Mongabay: How did your activism to help save North Carolina’s forests start?
Cole Rasenberger: My second grade TD (Talent Development) teacher gave me an assignment to be an activist about something we cared about, like an animal. We were supposed to write a letter to a government official supporting what we believed in. After doing many weeks of research, I decided I wanted to save a bunch of animals and their habitats when I came across the problem the North and South Carolinas Coastal forest are facing.
I learned that writing a government official would not help the situation, because most of these areas are privately owned by the paper packaging mills. One of the biggest users of these mills are fast food restaurants. They buy the paper products from these mills. I learned the only way to make a change is to write them since they are the customers of these mills. I thought maybe the fast food restaurants can ask the mills to change to use more post consumer recyclable fibers.
My teacher’s main point in this assignment was for us kids to learn we have a voice as long as we are standing up for something that is right and helpful to our environment. Ms. Beard wanted us to believe in ourselves and learn our voice is just as important as an adult’s.
Mongabay: Why are North Carolina’s forests worth saving?
Green Swamp—Brunswick County, North Carolina. Photo by: Photo by: Dogwood Alliance.
Cole Rasenberger: This is the paragraph I wrote from my research to read to the kids before they signed the handmade postcards I made: “Everyone is worried about our rainforest, but we need to be aware what’s happening to our NC Coastal forest. North Carolina Coastal Forest has the highest concentration of different tree species, aquatic diversity and wetlands in North America. These forests have the richest temperate freshwater ecosystem in the WORLD. We have 31 million acres of Southern Coastal forests, but thousands of acres are being destroyed daily. Unfortunately, some animals and plants species are on the endangered list because their environments are gone forever. These coastal forests are important air filters and cutting them down will intensify global warming the same way losing rain forest does. If we ask Fast Food restaurants to use some post-consumer recycled fibers in their paper product we can slow down the cutting of these Coastal Forests and save some animals homes.”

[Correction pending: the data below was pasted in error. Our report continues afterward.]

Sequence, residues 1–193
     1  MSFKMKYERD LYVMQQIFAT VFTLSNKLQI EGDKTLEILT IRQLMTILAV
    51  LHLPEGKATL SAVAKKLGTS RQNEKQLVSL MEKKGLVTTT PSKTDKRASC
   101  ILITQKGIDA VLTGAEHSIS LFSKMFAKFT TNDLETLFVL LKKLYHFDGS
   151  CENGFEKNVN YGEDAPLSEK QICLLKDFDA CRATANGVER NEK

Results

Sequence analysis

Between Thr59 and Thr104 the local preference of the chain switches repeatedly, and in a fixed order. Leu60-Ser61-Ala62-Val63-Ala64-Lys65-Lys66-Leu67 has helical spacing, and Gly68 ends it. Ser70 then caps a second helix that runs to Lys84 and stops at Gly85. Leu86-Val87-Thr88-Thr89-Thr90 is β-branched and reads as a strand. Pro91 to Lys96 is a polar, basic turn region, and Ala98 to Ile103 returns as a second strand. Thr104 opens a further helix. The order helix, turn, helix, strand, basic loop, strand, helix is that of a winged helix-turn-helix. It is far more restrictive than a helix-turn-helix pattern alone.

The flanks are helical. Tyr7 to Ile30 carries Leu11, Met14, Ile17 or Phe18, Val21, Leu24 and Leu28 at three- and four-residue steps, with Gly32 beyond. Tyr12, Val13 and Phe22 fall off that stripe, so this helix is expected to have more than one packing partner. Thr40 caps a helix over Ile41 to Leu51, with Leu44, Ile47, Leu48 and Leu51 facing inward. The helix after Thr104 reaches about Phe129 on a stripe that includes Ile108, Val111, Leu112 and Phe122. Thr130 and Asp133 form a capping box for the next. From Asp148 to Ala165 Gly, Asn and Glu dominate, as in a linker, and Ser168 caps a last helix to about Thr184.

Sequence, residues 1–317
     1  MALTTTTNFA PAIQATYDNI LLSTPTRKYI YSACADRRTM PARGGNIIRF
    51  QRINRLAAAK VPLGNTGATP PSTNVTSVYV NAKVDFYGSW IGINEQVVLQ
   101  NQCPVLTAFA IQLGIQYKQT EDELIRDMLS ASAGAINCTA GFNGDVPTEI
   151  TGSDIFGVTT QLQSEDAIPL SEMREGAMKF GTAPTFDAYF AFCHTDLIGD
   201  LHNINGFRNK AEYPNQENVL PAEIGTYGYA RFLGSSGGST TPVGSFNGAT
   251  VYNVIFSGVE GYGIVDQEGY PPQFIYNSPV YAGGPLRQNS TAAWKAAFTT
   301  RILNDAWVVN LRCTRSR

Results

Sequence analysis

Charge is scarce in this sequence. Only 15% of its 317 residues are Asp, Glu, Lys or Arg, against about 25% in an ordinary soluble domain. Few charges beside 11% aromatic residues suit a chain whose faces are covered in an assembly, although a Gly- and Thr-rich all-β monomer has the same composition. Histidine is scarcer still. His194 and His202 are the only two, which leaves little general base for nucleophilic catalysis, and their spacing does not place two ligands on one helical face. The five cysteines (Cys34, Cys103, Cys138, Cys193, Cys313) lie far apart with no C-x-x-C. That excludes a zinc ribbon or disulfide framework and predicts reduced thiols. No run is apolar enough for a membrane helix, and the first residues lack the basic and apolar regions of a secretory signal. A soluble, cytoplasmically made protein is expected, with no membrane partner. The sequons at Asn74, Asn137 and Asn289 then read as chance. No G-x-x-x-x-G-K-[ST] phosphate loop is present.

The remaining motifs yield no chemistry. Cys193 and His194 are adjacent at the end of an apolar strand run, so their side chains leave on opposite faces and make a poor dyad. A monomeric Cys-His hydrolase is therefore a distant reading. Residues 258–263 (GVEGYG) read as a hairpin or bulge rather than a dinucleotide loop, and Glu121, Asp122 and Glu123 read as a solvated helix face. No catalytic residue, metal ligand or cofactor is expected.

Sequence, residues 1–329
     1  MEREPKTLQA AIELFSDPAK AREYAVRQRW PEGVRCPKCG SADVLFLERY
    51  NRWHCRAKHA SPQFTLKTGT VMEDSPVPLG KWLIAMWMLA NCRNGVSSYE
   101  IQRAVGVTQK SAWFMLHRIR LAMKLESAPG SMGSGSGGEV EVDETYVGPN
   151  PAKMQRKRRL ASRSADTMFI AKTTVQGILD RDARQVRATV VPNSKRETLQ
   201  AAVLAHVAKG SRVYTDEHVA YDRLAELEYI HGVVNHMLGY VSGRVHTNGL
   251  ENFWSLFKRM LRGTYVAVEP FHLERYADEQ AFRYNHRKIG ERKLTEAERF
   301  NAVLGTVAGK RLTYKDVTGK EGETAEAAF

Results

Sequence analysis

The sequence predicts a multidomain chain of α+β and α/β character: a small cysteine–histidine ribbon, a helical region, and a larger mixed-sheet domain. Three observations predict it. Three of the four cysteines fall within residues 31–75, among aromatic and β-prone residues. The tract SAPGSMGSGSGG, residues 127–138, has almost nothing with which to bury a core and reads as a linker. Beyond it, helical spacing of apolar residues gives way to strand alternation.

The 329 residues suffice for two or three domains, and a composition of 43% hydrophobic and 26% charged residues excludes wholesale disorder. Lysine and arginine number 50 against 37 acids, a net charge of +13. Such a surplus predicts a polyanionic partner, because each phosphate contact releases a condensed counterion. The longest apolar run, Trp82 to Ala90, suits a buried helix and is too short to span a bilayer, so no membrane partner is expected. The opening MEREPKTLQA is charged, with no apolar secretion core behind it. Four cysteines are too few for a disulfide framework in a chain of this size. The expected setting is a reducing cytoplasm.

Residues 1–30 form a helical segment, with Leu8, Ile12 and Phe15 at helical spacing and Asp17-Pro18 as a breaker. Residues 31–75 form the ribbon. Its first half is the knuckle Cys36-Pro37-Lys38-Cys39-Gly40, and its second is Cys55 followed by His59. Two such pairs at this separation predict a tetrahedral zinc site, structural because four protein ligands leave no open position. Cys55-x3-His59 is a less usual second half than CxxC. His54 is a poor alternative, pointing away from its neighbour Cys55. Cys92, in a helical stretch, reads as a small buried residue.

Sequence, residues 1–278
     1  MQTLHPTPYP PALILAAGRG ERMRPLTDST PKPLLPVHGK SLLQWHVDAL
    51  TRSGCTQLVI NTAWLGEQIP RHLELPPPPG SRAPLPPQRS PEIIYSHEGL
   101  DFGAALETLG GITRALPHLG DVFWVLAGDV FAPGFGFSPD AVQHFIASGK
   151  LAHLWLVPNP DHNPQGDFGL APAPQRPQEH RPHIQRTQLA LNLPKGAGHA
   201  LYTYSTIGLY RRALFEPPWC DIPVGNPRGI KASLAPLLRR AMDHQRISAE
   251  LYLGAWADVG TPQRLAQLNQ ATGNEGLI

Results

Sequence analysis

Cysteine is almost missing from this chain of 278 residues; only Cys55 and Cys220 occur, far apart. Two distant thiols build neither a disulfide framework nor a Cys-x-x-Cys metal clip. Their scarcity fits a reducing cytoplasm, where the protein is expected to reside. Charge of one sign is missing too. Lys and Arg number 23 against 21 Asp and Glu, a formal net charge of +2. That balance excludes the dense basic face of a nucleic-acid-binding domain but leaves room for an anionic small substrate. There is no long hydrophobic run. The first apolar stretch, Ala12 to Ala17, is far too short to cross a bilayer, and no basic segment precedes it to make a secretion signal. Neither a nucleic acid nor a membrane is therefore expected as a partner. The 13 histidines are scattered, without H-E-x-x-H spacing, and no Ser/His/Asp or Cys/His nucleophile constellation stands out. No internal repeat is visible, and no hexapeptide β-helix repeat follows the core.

Mongabay: Will you tell us about the campaign with McDonald’s?
Cole Rasenberger: I asked my principal and teacher if I could get my whole school to sign my postcards. I told them I am only one voice; if we get my school to sign it would be thousands of voices. I think that would be better than just me. They gave me permission after I showed them my plan. McDonalds is always doing things for kids, so I thought it would be a great place to start. I drew handmade postcards of animal habitats. I couldn’t write too much on the other side. I asked McDonald to be the environmental leader for my generation and please increase your use of post consumer recycled fiber. I had copies made. Then I had a team of 25 kids go to all the classes to get signatures on Earth Day. I could not have done this as a second grader if my friends didn’t help me. I am very thankful for all the help my friends, teachers, my little sister and other adults have given me.